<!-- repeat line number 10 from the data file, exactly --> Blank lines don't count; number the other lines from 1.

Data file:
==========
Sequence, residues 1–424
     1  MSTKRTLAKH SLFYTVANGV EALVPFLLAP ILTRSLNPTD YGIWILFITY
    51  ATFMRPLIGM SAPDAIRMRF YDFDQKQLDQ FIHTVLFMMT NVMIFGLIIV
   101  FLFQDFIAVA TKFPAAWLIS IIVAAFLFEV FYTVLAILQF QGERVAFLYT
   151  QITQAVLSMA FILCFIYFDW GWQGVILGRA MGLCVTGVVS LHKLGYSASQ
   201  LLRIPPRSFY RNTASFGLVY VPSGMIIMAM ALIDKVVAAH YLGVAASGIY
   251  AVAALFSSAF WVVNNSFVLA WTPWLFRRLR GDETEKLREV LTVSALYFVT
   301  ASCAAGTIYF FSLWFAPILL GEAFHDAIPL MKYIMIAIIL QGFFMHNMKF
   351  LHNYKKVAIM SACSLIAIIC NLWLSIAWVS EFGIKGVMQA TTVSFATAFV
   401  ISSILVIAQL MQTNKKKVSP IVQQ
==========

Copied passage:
   401  ISSILVIAQL MQTNKKKVSP IVQQ